- Galileo – developed in the EU with partner countries, deployed internationally in 2020
- GLONASS – built in Russia, available worldwide
- NavIC or IRNSS– built by the Indian Space Research Organisation for use regionally
- Michibiki or Quasi-Zenith – built in Japan, available in the Asia-Oceania regions, but primarily focused on Japan
The biggest contender right now is probably the Indian Regional Navigation Satellite System or IRNSS.
…[twenty-four] functional satellites of GPS is for the entire globe, while 7 satellites of IRNSS is covering only India and its neighboring countries. All these 7 satellites will be visible to the ground receiver all the time.ISRO Chairman A.S Kiran Kumar
Of course, the geography being covered is limited to India and the surrounding countries, but it’s a good start. And those located in those countries could certainly be switching to IRNSS if they haven’t done so already.
Between NavIC (as it was affectionately coined by Prime Minister Modi) and the recent opening of geospatial data for public access and use, India could be a major challenger in the localization and mapping fields in the not-so-distant future.
What causes GPS inaccuracies?
As previously mentioned, there are some environmental factors which can get in the way of the GPS signal, as well as some technical factors.
Environmental factors that cause GPS inaccuracies:
- Not enough satellites in line of sight
- Position of satellites – clustering is less accurate than ones which are dispersed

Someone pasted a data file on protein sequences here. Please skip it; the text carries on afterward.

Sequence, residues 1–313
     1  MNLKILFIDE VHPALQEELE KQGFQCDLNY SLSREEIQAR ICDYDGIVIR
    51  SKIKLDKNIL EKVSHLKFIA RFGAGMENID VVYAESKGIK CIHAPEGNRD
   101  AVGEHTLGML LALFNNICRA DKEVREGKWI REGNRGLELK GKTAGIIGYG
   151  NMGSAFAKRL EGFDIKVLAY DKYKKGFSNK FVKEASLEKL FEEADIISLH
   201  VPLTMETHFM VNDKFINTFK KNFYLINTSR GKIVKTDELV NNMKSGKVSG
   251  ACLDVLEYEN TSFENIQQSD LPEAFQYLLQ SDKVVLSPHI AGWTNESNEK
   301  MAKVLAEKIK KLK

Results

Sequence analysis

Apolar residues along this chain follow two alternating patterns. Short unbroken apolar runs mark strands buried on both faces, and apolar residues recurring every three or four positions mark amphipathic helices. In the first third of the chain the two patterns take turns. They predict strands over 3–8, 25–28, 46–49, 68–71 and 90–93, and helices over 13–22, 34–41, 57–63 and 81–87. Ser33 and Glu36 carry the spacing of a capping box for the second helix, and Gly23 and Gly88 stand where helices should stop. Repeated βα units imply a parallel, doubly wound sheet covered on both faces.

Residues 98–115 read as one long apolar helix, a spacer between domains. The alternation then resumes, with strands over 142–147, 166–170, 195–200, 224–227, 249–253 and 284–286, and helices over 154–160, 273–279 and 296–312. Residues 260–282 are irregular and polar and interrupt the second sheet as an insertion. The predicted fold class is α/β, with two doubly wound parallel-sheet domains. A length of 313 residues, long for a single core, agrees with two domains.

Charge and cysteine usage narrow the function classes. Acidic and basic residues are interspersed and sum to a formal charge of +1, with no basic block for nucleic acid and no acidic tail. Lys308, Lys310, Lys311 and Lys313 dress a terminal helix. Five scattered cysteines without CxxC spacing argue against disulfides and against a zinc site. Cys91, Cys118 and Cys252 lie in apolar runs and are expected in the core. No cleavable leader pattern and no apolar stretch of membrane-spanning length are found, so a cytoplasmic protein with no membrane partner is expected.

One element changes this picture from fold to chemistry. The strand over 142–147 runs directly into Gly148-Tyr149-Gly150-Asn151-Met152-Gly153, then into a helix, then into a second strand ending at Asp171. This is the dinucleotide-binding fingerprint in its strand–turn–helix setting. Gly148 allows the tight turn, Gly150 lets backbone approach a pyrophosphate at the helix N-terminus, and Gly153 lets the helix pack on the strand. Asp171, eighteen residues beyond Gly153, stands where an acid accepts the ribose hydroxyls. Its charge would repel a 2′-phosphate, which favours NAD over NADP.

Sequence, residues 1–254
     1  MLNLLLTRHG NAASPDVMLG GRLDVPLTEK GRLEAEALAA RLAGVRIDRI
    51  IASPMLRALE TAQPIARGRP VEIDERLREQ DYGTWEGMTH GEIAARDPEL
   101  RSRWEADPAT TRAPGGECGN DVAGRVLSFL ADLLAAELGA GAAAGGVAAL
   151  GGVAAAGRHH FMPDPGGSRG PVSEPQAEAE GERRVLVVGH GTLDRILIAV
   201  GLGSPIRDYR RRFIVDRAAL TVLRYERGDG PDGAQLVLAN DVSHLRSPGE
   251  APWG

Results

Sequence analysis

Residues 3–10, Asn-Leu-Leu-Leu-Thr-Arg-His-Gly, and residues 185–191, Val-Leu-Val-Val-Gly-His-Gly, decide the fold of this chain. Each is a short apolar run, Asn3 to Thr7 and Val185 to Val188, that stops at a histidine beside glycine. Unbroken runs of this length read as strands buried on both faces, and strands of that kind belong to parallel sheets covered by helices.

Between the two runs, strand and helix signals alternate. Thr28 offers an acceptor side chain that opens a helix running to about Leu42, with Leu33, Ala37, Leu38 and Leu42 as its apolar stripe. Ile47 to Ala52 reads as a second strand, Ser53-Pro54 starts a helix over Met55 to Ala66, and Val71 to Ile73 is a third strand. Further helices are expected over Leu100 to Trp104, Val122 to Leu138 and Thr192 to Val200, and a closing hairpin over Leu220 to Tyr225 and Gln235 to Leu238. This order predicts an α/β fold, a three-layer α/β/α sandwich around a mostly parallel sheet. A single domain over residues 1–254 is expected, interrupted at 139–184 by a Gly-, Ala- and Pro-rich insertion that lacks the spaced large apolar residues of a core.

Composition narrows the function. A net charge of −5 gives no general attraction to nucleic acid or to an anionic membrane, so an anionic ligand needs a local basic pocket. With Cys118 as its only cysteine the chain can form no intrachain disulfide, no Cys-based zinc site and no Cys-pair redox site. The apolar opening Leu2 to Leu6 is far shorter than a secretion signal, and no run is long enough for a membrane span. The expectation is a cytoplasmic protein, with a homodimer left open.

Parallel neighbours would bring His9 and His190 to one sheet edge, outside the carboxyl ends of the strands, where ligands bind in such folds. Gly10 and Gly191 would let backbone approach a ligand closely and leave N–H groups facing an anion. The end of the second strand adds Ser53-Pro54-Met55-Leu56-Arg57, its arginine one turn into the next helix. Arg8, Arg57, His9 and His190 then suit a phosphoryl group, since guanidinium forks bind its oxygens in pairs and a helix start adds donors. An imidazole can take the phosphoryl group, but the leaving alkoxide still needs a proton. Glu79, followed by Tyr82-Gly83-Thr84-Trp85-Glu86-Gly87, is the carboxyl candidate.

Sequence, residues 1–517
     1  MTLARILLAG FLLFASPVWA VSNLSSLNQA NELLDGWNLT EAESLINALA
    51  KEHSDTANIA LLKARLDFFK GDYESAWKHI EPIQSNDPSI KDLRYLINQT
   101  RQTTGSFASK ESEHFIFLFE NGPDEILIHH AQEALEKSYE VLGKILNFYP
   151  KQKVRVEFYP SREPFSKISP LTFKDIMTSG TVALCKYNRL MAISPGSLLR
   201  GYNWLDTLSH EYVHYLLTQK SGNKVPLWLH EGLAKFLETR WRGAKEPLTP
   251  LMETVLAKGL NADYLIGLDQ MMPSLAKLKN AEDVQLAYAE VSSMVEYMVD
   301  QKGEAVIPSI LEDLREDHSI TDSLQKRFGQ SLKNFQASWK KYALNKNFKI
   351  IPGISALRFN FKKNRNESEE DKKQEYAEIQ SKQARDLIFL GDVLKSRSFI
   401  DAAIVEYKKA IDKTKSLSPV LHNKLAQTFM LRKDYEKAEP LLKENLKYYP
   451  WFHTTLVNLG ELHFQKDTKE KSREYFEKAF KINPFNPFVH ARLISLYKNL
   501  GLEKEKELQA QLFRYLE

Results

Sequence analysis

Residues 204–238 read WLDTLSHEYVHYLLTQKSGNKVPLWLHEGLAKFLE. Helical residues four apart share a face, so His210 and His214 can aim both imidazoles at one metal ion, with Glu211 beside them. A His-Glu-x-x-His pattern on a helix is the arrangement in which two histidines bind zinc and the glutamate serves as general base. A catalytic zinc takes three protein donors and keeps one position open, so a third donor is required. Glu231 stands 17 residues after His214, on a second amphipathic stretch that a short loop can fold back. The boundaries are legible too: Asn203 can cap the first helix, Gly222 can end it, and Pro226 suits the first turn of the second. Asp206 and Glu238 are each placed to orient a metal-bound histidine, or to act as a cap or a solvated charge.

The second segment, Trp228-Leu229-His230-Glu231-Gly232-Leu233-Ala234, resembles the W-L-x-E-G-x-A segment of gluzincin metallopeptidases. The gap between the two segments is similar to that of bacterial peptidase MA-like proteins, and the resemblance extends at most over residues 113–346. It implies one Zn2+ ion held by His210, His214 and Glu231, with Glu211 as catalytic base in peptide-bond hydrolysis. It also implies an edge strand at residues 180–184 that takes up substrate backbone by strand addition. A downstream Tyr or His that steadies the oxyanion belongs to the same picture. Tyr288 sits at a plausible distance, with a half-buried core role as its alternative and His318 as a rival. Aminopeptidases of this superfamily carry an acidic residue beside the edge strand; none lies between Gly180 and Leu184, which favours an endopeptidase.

- Buildings, bridges, trees, interference
- Use indoors or underground
- Multipath: signals reflected off buildings or walls
- Radio interference or jamming
- Major solar storms
- Temporary gaps in coverage
Technical factors that cause GPS inaccuracies:
- Faulty mapping software causing incorrectly drawn maps
- Businesses and shops mislabeled
- Missing roads, buildings, communities
- Street addresses misrepresented or inaccurate
- Devices which do not comply with GPS Interface Specifications
What is GPS drift?
One of the more commonly known inaccuracies in GPS is called ‘GPS drift.’ Simply put, it is the difference between where you are and where your GPS receiver believes you are. It quickly literally looks like you are drifting off of your intended route.
You’ve definitely experienced it before. You are looking down at your phone or the navigation system in your car and your screen says one thing but you know that it’s not quite right. That’s drift.
What causes GPS drift?
GPS drift is most often caused by reflections or shadowing on an image. It can also be due to atmospheric conditions which alter throughout the day, being most pronounced in the early morning or late afternoon. Due to the sun’s low angle relative to the atmosphere, there is more atmospheric interference.
Once again, for most people, GPS is a perfectly acceptable way of tracking their runs or bike rides, or getting to the client’s office on time. But for many industries, they can no longer accept the slight inaccuracies that come from GPS.
So they have a few choices. Hope that the U.S. government decides to upgrade GPS in the near future. Or look somewhere else for a tool or service that can provide more accuracy.
Stay tuned for our next article to learn about the new up and coming technology that is set to blow GPS out of the water. Subscribe below to know as soon as it is published.